Dear Getting a Grip: I’ve worked with women all my life, but I’ve never had a woman boss before now. I am having trouble with her style. Her credentials are good, her ideas are good, and she assigns our company’s heavy workloads in this tough economy pretty fairly. That’s one minute. The next minute, she’s worried if she’s qualified for the job, whether her ideas will work, and if everyone likes her. The temper tantrums and the crying jags are rare, but happen often enough to make me feel like a caretaker instead of a co-worker. I’m fine with having a woman lead our team. I just wish she’d do it. What do I do?
Dear Caretaker: The ideal scenario for leaders, for both women and men, is to have peer groups of fellow leaders with whom to discuss doubts, frustrations, and fledgling ideas. Time with trusted colleagues, purposefully scheduled to take a break from the demands of leadership to discuss those demands, can free leaders to lead. And that frees workers to work. Yes, women and men may have different leadership styles. You seem to have not a “woman boss” problem, but a “boss in need of pals” problem. You could easily have described a male boss who varied in behavior from drill sergeant to best buddy, alternately leading wisely, managing poorly, and abusing power to get unmet needs met.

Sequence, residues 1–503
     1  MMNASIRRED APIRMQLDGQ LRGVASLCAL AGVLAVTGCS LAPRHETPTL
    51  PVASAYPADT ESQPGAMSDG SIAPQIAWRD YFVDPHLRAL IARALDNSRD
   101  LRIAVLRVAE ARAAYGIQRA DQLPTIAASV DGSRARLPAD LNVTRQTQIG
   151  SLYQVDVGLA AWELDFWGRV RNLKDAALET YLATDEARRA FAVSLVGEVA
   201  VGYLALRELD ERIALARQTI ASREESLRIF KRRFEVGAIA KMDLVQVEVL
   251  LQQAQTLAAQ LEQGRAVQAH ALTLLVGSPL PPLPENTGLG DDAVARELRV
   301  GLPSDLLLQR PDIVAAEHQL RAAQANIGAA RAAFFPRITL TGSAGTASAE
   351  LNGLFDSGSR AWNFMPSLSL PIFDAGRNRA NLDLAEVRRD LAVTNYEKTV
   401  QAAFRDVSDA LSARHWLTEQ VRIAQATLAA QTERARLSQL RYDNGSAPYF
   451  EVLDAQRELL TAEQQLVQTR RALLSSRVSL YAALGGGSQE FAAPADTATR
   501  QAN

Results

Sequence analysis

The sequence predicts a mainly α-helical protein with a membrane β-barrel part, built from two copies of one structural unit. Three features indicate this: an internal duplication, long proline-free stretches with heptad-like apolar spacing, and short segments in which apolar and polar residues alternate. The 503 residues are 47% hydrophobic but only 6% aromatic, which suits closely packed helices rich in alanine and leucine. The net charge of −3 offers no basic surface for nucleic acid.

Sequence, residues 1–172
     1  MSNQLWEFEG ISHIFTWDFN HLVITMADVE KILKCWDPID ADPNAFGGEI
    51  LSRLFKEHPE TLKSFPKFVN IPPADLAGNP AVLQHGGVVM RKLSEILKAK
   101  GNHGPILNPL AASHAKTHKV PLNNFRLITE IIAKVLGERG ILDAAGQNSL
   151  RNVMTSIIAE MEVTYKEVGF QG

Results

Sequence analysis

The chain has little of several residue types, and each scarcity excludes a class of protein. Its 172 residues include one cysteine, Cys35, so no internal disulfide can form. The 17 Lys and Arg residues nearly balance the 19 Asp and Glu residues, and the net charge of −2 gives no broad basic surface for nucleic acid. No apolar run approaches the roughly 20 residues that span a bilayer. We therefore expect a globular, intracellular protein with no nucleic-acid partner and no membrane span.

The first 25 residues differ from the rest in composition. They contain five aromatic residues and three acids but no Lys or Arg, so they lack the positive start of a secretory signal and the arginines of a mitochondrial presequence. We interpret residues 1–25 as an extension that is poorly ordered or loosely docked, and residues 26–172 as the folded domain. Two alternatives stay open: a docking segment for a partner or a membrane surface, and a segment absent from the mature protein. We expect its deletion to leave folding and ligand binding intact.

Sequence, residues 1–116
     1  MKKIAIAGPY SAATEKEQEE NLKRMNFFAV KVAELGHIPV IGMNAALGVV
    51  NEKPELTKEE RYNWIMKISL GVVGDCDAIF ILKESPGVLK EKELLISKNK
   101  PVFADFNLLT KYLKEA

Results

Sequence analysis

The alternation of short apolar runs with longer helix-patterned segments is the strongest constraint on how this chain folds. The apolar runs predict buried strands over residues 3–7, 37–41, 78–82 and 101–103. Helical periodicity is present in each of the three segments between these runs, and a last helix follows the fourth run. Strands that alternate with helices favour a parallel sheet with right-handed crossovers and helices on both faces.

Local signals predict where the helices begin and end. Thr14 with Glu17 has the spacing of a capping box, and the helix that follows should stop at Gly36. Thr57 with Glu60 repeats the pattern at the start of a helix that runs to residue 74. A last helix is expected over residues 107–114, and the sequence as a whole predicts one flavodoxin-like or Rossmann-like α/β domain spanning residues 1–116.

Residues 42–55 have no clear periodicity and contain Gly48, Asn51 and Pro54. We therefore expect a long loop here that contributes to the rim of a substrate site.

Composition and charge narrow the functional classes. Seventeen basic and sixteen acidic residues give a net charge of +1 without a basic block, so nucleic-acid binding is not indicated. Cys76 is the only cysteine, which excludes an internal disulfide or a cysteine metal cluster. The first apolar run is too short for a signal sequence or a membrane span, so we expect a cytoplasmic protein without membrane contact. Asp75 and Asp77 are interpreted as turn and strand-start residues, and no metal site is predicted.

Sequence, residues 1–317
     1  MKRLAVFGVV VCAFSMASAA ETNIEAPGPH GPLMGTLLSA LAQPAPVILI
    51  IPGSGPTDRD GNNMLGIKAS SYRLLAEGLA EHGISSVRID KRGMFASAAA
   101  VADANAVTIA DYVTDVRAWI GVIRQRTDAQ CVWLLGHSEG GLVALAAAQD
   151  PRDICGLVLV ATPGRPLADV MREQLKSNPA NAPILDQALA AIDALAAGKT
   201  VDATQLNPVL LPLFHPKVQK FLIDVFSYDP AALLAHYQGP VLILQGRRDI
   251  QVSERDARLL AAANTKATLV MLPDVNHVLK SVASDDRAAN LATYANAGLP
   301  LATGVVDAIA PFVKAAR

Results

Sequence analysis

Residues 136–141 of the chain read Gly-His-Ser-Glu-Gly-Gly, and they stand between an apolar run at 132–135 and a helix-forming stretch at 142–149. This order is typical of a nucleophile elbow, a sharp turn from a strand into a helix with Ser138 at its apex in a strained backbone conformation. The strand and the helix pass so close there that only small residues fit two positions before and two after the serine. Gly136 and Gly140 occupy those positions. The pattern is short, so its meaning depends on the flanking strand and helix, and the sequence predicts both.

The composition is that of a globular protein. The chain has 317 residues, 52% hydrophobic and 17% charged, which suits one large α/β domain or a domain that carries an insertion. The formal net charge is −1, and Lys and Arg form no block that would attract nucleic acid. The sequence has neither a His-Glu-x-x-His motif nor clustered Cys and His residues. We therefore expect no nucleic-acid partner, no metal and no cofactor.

Getting a Grip: The stage of emotional and psychic development of your boss, regardless of sex, is beyond your control. What is in your control is how you respond to the behavior of your boss.
If at all possible, avoid being drawn into a too-intimate relationship. When a crisis passes, shared moments of familiarity breed contempt, not reward. And when cutbacks come, you’ll be fired by your best friend.
Whether a boss barks orders or weeps them, if you’re staying in the position, listen for the “what” of the message, not the “how.” Determine what the problems are, which of them are within your areas of strength, expertise and jurisdiction, and solve them. Implement, execute, and accumulate accomplishments and credentials. What your boss needs – a peer group of the like-minded – create for yourself. Wherever your boss may be stalled, you’ll be driving on your own leadership road.
Need to start “Getting a Grip” on a personal problem at work? Need workplace advice? E-mail your question to firstname.lastname@example.org.
Getting a Grip, a workplace advice column, is written by Anne Giles Clelland. Getting a Grip regrets that not all questions can be answered, personal replies are not possible, and questions may be edited for brevity and clarity.
Anne's Giles Clelland's workplace advice column appears monthly in Valley Business FRONT. Versions of this column appeared in the April and July 2010 issues.